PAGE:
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ESRC North West Social Science Doctoral Training Partnership Standard PhD Studentship Award

Applications are invited for a fully-funded PhD studentship to conduct research on a full-time or part-time basis exploring the impacts of deportation on children.

The research would be conducted under the joint supervision of Professor Helen Stalford, at European Children’s Rights Unit, School of Law and Social Justice, University of Liverpool and Pierre Makhlouf, Legal Director, Bail for Immigration Detainees (BID).

The successful candidate would be registered for their PhD at the University of Liverpool but would complete at least three months of each year (or similar pro-rata if they are part time) at BID.

Research Focus and Context

The research will be the first detailed socio-legal investigation into the effects of the UK’s deportation policy and practice on children.

Deportation is a serious legal measure imposed either on those who have been convicted of a criminal offence and sentenced to at least 12 months in prison or where deportation is ‘conducive to the public good’ (s.32(5) UK Borders Act 2007).

In 2021, 2,673 foreign nationals who had committed criminal offences were removed from the UK (Home Office 2022), a significant proportion of whom will have children.1 A parent sentenced to less than four years in prison can successfully resist deportation if they can establish that it would be ‘unduly harsh’ both to require their child to move with them and also for their child to be left behind. A parent sentenced to at least four years can resist deportation by demonstrating ‘very compelling circumstances’ (s.117C NIAA 2002). These tests are extremely difficult to meet, despite the fact that deportation is lifechanging for children, potentially involving permanent separation from a parent, spending formative years without face-to-face contact, being taken into care or moving to countries of which they have no prior knowledge.

The general legal obligation to ‘safeguard and promote’ children’s welfare in immigration decision-making (Borders, Citizenship and Immigration Act 2009, s.55) means that a welfare assessment is required, but without an independent or rigorous assessment mechanism in place. Our preliminary pilot (Yaqub, Stalford, Woodhouse and Griffiths, forthcoming 2023) has revealed that in most cases assessments are wholly inadequate. The Home Office decision-maker assesses welfare based on evidence that the family puts forward. Many families do not have access to any legal advice. The decision maker does not seek out further information and routinely makes decisions without knowledge of children’s views, wishes and feelings, health, development, education and vulnerabilities.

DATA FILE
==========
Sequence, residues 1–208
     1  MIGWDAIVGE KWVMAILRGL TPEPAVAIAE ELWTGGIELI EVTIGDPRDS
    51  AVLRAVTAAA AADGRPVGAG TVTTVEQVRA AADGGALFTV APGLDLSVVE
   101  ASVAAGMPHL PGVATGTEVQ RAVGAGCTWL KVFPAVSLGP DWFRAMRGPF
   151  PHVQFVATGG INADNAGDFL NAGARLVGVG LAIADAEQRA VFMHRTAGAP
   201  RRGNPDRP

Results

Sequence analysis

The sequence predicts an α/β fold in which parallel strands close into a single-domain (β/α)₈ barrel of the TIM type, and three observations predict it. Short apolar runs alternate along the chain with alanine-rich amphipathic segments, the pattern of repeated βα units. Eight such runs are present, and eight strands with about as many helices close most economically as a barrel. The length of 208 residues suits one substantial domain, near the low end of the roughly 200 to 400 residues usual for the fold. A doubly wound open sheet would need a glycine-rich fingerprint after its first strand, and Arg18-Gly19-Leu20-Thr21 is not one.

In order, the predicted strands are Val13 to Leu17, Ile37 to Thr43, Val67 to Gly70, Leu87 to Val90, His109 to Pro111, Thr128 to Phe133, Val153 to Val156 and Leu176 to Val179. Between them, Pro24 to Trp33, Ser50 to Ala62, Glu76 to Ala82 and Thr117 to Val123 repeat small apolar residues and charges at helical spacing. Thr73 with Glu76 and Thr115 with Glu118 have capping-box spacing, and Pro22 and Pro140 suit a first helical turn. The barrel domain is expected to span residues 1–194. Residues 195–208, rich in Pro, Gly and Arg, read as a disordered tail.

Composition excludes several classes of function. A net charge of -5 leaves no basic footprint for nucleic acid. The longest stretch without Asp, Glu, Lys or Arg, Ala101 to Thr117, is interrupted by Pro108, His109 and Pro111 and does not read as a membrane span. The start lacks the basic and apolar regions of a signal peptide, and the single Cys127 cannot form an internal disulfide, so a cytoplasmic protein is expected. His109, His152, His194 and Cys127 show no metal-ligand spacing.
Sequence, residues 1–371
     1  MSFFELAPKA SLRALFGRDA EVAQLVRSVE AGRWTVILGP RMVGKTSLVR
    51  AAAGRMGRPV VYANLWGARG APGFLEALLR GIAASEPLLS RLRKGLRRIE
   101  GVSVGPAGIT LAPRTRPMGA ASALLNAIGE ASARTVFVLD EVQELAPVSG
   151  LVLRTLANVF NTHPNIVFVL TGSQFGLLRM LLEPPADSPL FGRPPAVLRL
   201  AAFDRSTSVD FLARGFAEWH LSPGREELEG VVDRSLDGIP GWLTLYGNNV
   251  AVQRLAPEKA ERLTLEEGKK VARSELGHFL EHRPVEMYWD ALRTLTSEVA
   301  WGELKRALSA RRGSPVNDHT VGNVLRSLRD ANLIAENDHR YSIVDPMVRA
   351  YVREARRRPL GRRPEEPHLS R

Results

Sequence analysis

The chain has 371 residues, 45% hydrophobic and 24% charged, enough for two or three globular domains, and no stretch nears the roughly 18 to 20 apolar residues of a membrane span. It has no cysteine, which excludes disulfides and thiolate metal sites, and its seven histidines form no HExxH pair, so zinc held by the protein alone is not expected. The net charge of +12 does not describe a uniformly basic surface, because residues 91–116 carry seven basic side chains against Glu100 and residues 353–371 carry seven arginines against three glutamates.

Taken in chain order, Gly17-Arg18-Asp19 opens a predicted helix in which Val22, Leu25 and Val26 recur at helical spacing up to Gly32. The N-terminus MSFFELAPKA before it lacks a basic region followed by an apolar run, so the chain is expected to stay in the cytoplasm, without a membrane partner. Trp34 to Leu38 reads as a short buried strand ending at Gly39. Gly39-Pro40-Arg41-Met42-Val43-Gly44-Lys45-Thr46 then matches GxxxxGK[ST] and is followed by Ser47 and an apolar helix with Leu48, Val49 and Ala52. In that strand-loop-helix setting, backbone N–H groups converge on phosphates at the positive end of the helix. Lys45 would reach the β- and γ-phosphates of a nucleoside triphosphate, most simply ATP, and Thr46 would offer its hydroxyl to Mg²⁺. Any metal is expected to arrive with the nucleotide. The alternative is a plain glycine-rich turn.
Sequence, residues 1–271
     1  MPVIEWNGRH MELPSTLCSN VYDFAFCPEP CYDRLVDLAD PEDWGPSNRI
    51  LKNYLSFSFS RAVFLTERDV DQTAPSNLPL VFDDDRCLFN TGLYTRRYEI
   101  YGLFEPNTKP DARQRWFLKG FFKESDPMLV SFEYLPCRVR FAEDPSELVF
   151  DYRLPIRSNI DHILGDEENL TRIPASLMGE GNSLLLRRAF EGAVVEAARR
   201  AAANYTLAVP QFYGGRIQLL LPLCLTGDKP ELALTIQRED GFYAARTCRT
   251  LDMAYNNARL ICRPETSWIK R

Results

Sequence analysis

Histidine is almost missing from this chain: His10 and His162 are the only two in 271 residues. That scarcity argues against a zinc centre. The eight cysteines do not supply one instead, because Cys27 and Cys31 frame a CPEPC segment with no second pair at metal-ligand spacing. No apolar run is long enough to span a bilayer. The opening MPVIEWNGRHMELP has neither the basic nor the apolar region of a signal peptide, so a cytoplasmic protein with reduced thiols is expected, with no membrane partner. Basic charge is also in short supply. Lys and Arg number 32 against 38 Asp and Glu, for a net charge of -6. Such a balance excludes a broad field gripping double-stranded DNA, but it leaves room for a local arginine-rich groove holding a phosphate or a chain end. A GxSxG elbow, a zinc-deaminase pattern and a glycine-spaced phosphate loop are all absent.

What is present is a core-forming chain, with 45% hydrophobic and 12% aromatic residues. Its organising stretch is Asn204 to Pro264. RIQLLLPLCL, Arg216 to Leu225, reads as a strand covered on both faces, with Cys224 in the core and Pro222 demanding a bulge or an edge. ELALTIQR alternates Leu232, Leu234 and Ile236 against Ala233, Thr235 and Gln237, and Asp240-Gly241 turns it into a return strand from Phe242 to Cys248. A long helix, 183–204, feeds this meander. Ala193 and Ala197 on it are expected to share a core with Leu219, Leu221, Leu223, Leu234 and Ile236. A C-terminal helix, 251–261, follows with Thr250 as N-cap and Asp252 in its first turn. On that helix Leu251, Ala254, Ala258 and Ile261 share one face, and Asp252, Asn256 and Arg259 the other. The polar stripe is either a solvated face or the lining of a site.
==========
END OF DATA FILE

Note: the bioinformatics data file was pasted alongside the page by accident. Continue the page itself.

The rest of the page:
This approach is in stark contrast to other family justice proceedings, where assessment of children’s welfare is compulsory, comprehensive, individualised and independent.

The aims of the PhD research are:

1) to obtain empirical evidence regarding the impacts of parental deportation on children; and

2) to improve policy, process and practice on child welfare assessments in the context of deportation.

To achieve these aims, the project has three main objectives:

1) To conduct a comprehensive legal, policy and practice review of the extent to which decision-making relating to deportation reflect international and domestic legal obligations (e.g. UN Convention on the Rights of the Child).

2) To gather detailed qualitative evidence regarding the deportation decision-making process and its aftermath.

3) To identify children’s rights-based approaches to parental separation in other contexts (e.g., criminal justice, family justice and extradition) and jurisdictions (e.g., Italy Sweden; Canada; New Zealand) and consider how these can be brought to bear on UK deportation proceedings. 

Research Questions

Research questions include:

  • How does the threat/reality of parental deportation affect children?
  • How do factors such as the children’s age, socio-economic background, ethnicity, health/special needs, the length and conditions of separation, involvement of other care-givers, and the quality and opportunities for contact affect experiences of and decisions relating to deportation?
  • To what extent are children’s welfare and rights reflected in deportation processes? How do decision makers approach children’s best interests? How are children’s views captured? What is the independence and experience of professionals involved?